Lee nonetheless cautioned that Ditto fully realizes that simply engaging in discussions with investors can be distracting and energy-draining, and even good deals can take months to execute. "It is very important to us to have the right investor. People have been keen to offer us money, but have still not understood the whole concept of our business... We are looking for investors who can help add to the brand as well as offer money," he explained. The company has not yet decided whether it needs an outside advisor for the process, he said when asked.
What would more capital do for Ditto? Lee said it would allow Ditto to put "fresh emphasis on online tools and free marketing software. These include marketing, social media, mailout software, statistics, band landing pages to sell and give away music on, websites. All of these are services that we can roll out" to increase income for Ditto and its customers, he added.
Many weeks, Ditto releases more than 1,000 artists' tracks by 250 to 300 artists; and, on some days the company gets as many as 70 new band sign-ups per day, said the brothers. "We're the only people who actually do the record label services in the world with unsigned artists -- there's literally no one else that does it. I don't know why no one's actually picked up on this," Matt told VNC. Ditto has track-placement relationships with more venues than any competitor and is quick to get contracts in-place with new online stores as they appear, he added.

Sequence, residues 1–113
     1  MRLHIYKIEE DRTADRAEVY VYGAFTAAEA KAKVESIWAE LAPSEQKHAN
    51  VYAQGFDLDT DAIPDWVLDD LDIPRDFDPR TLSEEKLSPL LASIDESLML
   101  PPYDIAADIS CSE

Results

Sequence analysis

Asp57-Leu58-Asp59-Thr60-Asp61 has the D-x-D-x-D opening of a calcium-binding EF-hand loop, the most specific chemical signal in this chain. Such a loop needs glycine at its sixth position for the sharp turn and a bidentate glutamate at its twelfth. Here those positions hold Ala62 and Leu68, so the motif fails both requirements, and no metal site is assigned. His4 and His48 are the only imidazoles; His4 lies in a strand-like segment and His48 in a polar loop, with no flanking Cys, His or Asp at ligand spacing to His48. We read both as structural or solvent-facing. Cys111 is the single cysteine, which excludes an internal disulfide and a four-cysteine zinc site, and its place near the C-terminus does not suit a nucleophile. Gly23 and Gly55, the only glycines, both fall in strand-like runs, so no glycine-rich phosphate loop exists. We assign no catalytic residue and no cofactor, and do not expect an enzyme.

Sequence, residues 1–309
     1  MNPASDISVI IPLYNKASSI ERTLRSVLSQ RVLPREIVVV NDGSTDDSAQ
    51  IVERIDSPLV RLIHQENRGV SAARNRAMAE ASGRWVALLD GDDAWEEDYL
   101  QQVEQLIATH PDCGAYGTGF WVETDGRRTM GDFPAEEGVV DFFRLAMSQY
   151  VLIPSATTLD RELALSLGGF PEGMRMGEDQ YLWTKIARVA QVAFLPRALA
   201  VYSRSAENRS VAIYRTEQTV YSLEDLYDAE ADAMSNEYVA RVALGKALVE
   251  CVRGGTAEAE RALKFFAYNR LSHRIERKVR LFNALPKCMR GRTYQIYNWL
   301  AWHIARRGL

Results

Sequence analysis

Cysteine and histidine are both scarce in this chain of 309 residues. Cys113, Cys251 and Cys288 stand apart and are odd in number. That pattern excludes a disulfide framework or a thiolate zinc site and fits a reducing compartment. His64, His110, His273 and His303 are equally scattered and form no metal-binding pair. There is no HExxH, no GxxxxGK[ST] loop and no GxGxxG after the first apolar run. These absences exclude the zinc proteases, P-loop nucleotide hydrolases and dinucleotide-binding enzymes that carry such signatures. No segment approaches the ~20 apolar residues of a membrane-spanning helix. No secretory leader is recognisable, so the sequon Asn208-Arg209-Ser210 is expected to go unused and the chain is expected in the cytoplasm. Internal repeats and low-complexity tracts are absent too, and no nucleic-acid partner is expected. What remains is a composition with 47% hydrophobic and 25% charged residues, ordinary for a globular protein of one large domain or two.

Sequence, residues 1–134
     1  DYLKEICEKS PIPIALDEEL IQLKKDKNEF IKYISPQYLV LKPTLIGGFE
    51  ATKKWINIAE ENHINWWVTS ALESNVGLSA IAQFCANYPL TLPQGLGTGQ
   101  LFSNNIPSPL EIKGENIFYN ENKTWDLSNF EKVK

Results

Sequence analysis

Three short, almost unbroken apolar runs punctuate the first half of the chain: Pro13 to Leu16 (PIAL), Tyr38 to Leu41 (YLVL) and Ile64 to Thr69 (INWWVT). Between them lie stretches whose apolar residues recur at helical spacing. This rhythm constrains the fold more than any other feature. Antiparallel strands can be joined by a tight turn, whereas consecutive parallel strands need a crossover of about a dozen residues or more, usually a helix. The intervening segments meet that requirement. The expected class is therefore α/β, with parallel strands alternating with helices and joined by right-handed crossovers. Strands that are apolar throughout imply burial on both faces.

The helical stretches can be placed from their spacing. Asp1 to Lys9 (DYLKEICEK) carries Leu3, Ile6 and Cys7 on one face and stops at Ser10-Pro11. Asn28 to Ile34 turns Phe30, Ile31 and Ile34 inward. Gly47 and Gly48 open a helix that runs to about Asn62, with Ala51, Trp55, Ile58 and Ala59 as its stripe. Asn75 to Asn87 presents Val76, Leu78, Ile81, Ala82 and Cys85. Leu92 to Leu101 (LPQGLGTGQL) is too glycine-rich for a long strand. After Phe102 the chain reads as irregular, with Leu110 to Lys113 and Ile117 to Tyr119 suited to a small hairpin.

Ditto's profits come mainly from value-added "label"-type services, such as registering bands for the industry's charts, designing and executing pre-release campaigns across all media and from "full-on project management," said Matt. Perhaps half Ditto's new value-added customers seek Ditto's help, while the other half are pursued after Ditto research suggests the performer's brand is under-developed. "Three-fourths of bands don't even have a Twitter account, I don't know why," added Matt.
Asked about the potential technology-driven competitive forces, Lee Parsons replied, "We don't fear the industry changing, we adapt and find ways of growing with it."
Asked about his views on the debut of Spotify, the younger Parsons said, "We knew the Spotify guys when they launched" in Europe. Ditto was "the first distributor to put unsigned content on there, and it has been great watching them develop," he said. "Streaming payouts are quite low. Spotify is a great promotional tool for artists. Artists who stream more, sell more. Spotify streaming revenue is fast becoming the secong highest payout for artists and labels. Unsigned artists who know how to use social media have tremendous success."
Ditto's Australian market-entry strategy is evolving rapidly. Ditto is likely to hire quickly a small number of Australians, while Ditto scouts for partners to license Ditto's API software and partners to sell Ditto services to bands, Lee explained. Sydney or Melbourne is likely to become home for Ditto Down Under, he said. (When Lee resumes scouting Australia this summer, Ditto's Nashville office will be run by Vice President Jay Kerr, whose usual Liverpool duties will be picked-up by James Walsh, a Briton who normally serves in Nashville as U.S. artist and business development manager.)